clarifying katrina

there are lots of photos like this one on flickr and elsewhere that tell the disturbing stories. most of what we need to know comes from beyond the news, and i've scanned more than my share of reports. there is no denying that new orleans, along with many communities in the gulf region, has sunk. my recent post might have seemed callous. i chalk up the seeming insensitivity to a late-night bitterness that resides at a whole 'nother level, nowhere near bourbon street.

ranting about bush and betrayal and hypocrisy and the sheer shittiness of things should not minimize the gravity of it all. it is precisely because of the calamity of what's going on down there that the blood boils this hot.

it's not just about the big idiot in the oval office. it's about a country that consistently rams its supremacy down the global throat, yet continues to demonstrate total disregard, if not disdain, for it's own citizens. in the case of katrina and her pre-decessors, if People In Charge weren't so fucking busy hating the rest of the world, they might learn a thing or two about disaster management from even a great enemy.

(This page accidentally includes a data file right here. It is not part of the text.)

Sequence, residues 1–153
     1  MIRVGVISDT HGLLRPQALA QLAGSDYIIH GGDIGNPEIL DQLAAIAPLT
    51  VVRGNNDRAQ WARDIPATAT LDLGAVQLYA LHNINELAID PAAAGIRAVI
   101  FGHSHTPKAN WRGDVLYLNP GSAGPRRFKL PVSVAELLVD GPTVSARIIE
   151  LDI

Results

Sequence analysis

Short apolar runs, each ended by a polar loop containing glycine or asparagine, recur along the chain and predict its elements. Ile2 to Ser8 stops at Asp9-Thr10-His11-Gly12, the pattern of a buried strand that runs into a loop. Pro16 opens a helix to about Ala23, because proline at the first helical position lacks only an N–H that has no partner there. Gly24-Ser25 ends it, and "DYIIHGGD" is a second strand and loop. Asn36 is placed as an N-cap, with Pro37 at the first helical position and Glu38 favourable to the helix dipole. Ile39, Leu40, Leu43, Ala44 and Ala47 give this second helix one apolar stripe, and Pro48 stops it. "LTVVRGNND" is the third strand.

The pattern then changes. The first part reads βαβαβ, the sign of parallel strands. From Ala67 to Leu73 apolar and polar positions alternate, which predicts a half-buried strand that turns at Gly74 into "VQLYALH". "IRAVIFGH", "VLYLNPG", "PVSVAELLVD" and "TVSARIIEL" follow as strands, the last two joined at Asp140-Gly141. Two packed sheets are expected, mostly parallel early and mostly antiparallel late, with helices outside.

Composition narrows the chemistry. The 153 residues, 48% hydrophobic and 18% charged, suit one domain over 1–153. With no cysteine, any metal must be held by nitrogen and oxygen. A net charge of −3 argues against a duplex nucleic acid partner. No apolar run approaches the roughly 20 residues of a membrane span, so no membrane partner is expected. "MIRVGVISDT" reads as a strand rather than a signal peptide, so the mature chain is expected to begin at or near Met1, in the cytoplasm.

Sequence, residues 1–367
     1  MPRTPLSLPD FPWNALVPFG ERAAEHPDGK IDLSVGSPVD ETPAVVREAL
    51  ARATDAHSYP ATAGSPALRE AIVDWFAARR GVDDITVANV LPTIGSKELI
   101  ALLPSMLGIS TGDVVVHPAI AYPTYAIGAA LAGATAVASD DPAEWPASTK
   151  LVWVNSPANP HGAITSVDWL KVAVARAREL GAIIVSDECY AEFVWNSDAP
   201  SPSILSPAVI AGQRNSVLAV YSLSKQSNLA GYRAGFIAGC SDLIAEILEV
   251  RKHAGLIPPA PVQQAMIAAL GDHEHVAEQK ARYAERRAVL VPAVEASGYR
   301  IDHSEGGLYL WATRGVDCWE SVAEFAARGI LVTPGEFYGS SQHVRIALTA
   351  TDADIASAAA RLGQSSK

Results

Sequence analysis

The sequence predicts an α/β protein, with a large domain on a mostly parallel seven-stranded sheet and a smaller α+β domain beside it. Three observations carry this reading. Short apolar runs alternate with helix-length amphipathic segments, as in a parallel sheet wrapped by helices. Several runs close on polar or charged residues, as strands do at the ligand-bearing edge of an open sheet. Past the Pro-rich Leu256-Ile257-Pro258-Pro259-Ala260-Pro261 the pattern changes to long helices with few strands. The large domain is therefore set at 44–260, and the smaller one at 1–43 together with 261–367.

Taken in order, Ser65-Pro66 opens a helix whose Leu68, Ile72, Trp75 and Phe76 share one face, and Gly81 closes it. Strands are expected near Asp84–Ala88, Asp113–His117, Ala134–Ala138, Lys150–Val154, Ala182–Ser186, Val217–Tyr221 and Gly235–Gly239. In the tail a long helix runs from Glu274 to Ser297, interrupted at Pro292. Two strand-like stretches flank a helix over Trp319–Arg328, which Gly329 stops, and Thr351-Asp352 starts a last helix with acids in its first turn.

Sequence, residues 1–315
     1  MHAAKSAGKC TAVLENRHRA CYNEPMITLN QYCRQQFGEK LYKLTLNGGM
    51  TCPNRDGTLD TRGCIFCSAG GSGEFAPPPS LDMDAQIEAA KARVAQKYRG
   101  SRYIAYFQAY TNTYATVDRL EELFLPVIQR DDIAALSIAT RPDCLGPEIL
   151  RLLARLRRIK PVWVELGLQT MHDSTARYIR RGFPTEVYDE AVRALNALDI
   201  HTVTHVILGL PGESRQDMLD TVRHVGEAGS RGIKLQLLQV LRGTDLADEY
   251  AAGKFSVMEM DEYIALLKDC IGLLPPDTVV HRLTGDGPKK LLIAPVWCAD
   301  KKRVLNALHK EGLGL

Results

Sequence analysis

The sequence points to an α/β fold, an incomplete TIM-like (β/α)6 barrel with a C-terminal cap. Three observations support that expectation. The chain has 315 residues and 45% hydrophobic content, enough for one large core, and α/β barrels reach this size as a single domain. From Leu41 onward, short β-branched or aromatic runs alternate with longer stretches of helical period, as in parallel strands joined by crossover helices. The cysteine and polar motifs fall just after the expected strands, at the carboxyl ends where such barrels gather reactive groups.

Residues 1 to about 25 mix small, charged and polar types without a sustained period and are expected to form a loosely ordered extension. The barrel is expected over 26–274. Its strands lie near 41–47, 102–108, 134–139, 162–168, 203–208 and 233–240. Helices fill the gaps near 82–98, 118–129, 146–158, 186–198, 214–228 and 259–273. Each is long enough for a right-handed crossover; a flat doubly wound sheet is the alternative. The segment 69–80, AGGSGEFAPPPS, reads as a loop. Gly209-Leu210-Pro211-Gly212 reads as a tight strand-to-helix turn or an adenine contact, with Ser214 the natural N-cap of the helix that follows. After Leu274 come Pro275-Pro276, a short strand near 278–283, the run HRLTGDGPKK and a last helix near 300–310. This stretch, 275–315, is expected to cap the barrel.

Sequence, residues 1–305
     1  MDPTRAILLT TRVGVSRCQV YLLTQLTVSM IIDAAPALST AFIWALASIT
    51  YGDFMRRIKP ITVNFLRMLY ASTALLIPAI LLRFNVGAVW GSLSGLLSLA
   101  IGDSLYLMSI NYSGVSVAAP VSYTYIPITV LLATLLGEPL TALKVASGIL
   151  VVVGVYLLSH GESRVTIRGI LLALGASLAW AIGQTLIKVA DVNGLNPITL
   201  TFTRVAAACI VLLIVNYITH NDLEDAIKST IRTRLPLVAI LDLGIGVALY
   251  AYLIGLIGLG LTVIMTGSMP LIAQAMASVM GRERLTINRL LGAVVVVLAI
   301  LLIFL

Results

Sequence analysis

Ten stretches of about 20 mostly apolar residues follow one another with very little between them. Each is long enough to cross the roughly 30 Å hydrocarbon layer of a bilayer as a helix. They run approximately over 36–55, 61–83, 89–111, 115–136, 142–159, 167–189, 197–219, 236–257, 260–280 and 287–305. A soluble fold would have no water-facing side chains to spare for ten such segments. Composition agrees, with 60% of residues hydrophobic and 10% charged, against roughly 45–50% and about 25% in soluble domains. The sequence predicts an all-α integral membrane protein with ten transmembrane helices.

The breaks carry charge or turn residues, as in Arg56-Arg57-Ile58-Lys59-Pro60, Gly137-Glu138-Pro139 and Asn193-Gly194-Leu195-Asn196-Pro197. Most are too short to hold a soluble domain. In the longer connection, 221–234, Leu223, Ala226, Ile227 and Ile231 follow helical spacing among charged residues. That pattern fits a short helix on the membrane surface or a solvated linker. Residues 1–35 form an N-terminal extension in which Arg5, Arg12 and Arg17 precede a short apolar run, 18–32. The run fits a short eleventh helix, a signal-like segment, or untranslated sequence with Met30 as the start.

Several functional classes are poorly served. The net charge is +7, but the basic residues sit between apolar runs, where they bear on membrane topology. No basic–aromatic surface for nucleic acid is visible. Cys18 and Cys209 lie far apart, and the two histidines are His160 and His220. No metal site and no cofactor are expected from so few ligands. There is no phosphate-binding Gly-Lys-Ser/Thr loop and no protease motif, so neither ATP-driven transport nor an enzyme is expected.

i also hate that bright fighters get called upon to be Voices of Reason amidst the politi-crap of punditry. the brilliant barack obama suggested this week that it's not a coincidence so many people of colour were "left behind", but not a conspiracy either. he said that what happened in the southern usa happens all over the world: poor and vulnerable people get hit the hardest in a natural disaster. to which i say FUCKING NONSENSE. when poor and vulnerable people "get hit" - in this case, swept away, lose possessions, float through waste and corpses until help swings by, go hungry, get trapped in arenas - it's because we allow it to happen. i don't give a shit how anyone tries to spin it, when people die under those circumstances in a developed country - especially that one - it's because we let them. period.

the damage down there will take years to mend. it may not have been preventable, but the human misery sure was, and i hope we'll be asking why for a long time.


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